March 07, 2017
For the seventh consecutive month, the Reserve Bank of Australia has decided to leave the official cash rate on hold.
Mortgage Choice chief executive officer John Flavell said the decision was “expected”.
“In recent weeks, the Reserve Bank of Australia's governor, Philip Lowe, has made it clear that future cuts to the cash rate are now more unlikely than likely,” he said.
“In his opening statement to the House of Representatives Standing Committee on Economics, Mr Lowe suggested that the current monetary policy setting remained appropriate for achieving sustainable growth in the economy.
“And he certainly seems to be right, with recent data suggesting the Australian economy is tracking along quite well.”
Economic growth rebounded strongly in the December quarter, smashing economist expectations.
Gross Domestic Product rose 1.1% from the September quarter, beating the anticipated 0.8% rise.
In addition, consumer sentiment rebounded slightly in February. According to the Westpac Melbourne Institute Index of Consumer Sentiment, confidence climbed 2.3% throughout the month.
Meanwhile, research conducted by CoreLogic found property values rose by 1.4% across the combined capital cities over the month of February.
“Sydney was once again the standout performer, with median values climbing 2.6% across the capital city throughout the month,” Mr Flavell said.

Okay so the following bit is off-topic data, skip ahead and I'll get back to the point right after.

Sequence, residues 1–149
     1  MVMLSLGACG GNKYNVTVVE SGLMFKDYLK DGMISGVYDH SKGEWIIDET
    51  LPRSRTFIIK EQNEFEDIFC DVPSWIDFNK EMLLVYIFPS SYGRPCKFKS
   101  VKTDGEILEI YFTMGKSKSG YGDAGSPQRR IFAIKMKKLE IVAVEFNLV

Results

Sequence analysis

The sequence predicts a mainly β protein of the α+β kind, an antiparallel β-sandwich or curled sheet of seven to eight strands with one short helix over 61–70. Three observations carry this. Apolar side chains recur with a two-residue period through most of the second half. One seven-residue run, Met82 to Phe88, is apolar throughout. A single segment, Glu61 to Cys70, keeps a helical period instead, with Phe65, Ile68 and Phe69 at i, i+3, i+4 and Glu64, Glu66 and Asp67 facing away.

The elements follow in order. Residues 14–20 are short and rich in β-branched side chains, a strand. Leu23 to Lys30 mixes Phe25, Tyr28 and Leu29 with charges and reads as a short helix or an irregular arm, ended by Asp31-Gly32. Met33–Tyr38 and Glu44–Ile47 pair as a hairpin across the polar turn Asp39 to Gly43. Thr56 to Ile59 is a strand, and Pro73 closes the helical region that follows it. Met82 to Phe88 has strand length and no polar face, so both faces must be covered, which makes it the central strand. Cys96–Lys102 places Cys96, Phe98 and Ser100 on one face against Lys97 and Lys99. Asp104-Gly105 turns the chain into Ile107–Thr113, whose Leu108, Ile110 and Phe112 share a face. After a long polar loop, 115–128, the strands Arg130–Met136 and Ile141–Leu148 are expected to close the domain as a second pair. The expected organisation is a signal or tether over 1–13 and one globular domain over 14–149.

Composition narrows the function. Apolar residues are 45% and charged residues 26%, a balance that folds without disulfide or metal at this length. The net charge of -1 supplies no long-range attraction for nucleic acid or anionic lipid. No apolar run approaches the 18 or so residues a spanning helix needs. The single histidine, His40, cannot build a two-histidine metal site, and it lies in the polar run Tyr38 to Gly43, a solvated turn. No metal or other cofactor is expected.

“From this data we can see that the Australian economy is tracking along quite nicely at the moment, so it wasn't surprising to see the Reserve Bank opt to leave the cash rate on hold for another month.”
But while the Board decided to leave the cash rate on hold once again, Mr Flavell said the market is anything but stationary, with many of Australia's lenders tweaking their pricing and policy in recent weeks.
“Over the last month, we have seen a number of lenders put additional restrictions on their investment lending, specifically on refinancing in this space,” he said.
“In addition, some lenders have lifted the rates across their suite of investment loans in a bid to curb activity in this area. In some instances, we have seen interest rates rise by as much as 25 basis points.
“More broadly, volatility in the global and domestic markets has put a lot of pressure on wholesale funding costs, which has forced some lenders to lift both their fixed and variable rates.”
Looking ahead, Mr Flavell said he wouldn't be surprised to see more lenders move their rates out of cycle with the Reserve Bank.
“Even if rates do continue to move north, it is important for all borrowers and potential buyers to understand that the cost of borrowing is still sitting at near historical lows,” he said.
“Now is still a great time to be a property buyer, investor or refinancer.
“Anyone who hasn't reviewed their mortgage in more than 12 months, should take the time to speak to their local broker and make sure they are still in the right product for their needs.”